An account posted to its website said Metabiota provided “critical support” in the earliest days of the outbreak, organizing training, jointly running Sierra Leone’s Ebola laboratory, assisting with outbreak logistics and producing daily reports for the government.
Messages saved to ProMed, a mailing list for outbreak watchers, are upbeat, describing Metabiota’s tests and how it was teaching Sierra Leoneans how to set up Ebola isolation wards. On May 12, senior Metabiota scientist Dr. Jean-Paul Gonzalez said preparedness work had “ultimately protected, or at least uniquely prepared, Sierra Leone.”
But there were already reports of suspected infections in the country and, within weeks, the virus tore through Sierra Leone, overwhelming the hospital in Kenema where Metabiota shared the 700-square-foot (65-square-meter) lab with Tulane.
To some at Tulane, which had a long-established research project at the lab, Metabiota’s missteps were predictable. The two groups worked side-by-side in an uneasy relationship that observers said sometimes tipped into open conflict.
Tulane microbiology professor Bob Garry questioned whether Gonzalez was the right person to teach Sierra Leoneans how to protect themselves from Ebola. In 1994, the French researcher was at the center of a safety scare at Yale University after he accidentally infected himself with the rare Sabia virus and didn’t notify officials there for more than a week. The university put more than 100 people under surveillance and ordered Gonzalez to take a remedial safety course. Garry said that should have raised a red flag.
“Do you really want the person who infected himself with hemorrhagic fever going around explaining to people how to be safe?” he asked.
Gonzalez referred questions to a Metabiota press representative, who said in an email that the incident happened more than 20 years ago and that Gonzalez has extensive lab safety experience.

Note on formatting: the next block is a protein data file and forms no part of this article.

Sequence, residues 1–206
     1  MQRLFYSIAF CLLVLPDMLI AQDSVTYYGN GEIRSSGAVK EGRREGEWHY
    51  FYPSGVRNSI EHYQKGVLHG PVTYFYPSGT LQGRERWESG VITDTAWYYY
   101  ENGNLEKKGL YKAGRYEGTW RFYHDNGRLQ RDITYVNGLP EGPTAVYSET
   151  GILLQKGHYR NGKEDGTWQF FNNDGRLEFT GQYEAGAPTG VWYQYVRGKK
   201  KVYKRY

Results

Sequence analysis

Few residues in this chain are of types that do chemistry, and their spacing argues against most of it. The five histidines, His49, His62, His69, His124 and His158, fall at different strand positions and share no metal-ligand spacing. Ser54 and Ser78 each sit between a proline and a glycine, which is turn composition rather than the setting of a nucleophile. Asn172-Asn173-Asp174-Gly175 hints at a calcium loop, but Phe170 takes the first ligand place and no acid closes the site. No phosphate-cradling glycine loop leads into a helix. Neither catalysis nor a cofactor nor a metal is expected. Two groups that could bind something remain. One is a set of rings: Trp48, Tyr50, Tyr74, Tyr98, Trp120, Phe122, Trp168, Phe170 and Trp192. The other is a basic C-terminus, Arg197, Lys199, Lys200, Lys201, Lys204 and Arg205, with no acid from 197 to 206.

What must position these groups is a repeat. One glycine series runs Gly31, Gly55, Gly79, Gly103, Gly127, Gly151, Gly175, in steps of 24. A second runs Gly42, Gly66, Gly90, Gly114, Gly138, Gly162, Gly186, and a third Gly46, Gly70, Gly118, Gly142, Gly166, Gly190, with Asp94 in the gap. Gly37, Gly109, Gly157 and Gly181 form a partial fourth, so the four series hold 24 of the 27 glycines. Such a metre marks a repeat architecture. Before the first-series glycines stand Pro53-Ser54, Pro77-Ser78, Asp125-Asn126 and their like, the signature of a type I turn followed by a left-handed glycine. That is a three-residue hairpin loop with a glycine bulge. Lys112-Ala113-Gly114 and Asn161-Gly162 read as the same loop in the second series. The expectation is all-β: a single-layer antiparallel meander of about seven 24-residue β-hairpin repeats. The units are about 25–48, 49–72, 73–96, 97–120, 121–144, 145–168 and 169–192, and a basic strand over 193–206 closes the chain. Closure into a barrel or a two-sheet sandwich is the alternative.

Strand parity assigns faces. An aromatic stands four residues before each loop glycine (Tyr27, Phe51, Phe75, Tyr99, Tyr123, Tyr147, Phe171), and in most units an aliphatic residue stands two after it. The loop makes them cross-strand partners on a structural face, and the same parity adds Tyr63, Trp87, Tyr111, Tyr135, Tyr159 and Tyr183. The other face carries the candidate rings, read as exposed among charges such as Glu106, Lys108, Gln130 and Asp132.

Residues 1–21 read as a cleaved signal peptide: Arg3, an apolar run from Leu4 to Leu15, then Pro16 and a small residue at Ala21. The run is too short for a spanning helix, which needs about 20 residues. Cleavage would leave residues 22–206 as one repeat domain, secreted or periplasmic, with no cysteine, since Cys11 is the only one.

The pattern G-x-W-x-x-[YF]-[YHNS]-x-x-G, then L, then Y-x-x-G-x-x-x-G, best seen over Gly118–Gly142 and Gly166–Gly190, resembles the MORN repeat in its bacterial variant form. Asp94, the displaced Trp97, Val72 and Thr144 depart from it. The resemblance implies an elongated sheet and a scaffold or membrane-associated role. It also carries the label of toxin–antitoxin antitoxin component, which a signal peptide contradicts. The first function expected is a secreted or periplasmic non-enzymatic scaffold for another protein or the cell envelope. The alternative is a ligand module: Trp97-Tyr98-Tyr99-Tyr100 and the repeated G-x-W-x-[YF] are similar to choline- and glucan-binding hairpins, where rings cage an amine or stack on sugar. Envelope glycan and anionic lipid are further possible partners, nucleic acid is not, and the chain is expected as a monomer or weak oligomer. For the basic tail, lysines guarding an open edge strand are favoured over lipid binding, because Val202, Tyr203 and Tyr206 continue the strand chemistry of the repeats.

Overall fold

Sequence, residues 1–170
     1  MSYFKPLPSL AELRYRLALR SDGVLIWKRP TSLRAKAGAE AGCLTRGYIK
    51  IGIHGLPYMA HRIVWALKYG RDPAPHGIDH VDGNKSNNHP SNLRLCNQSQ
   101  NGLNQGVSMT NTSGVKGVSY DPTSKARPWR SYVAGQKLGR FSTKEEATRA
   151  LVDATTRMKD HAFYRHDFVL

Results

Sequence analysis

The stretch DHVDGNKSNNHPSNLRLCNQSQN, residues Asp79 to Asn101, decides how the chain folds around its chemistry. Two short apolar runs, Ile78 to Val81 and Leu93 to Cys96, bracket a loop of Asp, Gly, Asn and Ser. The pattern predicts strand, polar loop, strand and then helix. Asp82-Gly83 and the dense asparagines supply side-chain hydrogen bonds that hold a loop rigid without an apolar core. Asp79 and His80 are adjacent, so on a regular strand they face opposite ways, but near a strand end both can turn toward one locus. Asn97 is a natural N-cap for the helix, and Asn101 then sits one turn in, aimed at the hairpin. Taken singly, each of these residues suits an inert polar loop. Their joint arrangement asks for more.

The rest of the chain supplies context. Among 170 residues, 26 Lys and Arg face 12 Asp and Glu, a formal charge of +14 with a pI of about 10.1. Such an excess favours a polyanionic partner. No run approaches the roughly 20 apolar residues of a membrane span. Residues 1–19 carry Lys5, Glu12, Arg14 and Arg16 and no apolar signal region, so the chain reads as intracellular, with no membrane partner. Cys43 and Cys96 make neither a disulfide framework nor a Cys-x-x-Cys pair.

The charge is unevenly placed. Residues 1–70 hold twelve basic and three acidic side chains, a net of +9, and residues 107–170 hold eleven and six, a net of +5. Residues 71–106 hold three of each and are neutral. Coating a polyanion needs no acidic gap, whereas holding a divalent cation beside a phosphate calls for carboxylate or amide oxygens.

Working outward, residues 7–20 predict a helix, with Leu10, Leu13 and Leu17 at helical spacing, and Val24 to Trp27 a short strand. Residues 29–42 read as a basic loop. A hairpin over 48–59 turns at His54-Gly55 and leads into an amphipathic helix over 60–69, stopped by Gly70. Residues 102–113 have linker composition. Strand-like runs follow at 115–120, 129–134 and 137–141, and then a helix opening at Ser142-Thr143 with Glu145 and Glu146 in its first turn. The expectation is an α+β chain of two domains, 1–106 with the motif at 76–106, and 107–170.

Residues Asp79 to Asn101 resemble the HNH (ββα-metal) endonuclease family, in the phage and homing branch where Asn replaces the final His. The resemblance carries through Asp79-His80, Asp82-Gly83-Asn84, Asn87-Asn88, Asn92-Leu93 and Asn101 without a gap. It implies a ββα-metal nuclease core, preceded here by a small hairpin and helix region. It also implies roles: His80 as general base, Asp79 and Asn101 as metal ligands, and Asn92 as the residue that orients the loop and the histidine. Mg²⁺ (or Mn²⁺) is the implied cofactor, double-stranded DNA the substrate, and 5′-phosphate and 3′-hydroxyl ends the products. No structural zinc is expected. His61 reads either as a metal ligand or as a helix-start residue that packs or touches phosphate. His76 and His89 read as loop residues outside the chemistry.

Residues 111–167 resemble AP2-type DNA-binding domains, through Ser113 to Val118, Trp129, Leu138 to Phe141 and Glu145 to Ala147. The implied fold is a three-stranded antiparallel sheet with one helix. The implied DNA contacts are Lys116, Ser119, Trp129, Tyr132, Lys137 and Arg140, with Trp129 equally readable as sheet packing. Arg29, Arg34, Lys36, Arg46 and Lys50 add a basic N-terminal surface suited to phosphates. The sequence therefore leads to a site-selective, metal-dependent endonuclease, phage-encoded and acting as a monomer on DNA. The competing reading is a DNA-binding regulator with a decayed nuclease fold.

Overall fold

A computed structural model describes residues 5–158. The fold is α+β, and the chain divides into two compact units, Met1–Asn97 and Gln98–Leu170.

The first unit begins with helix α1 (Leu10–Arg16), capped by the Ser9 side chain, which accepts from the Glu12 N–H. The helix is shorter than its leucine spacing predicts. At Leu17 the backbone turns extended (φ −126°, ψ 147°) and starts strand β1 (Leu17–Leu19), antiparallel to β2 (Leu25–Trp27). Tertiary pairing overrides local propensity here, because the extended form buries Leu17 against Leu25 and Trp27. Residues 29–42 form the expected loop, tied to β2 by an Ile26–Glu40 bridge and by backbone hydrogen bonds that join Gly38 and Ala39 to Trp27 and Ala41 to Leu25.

But Garry also faced questions; the WHO emails obtained by AP complaining about the Kenema lab are as critical of Tulane as they are of Metabiota.
Garry acknowledged mistakes but said they were understandable given the chaotic circumstances.
“We didn’t have the personnel and the infrastructure that was needed to handle the onslaught of cases that were coming,” he said. “We were doing the best we had with what we had there.”
“THEY WERE AT WAR”
As the death toll mounted in July, scientists from WHO, the United States and Canada were voicing concerns about what Metabiota and its Tulane colleagues were doing at the Kenema lab, according to the emails obtained by AP and interviews with those on the ground at the time.
When Gary Kobinger, head of special pathogens at the Public Health Agency of Canada, double-checked some of the facility’s work in mid-July, he found worrying discrepancies in four of eight tests and identified up to five people wrongly diagnosed with Ebola, among them a worker with the medical charity Doctors Without Borders.
Kobinger told AP in a telephone interview that the misdiagnoses he caught suggested many more had gone unnoticed.
“If you detect two, three, four, five, how many are out there?” he said.
The mistakes were doubly dangerous in a country where many mistrusted international workers, who were suspected of spreading Ebola deliberately, said Bertherat, the WHO outbreak expert. Attempts to reassure a jittery public could be “totally ruined if the population does not trust anymore in the diagnostic of the medical teams,” he wrote in an email.
Bertherat proposed two fixes for the problematic lab: WHO could either train Metabiota and Tulane staffers, or close down the facility and transfer all testing to another lab. He told his boss on July 18, 2014, that shutting down the shared lab was the “more prudent” option.
Five days later, Geneva-based WHO staffer Pat Drury emailed the agency’s chief, Dr. Margaret Chan, with criticism of both Tulane and Metabiota, referring to their shared facility as two labs.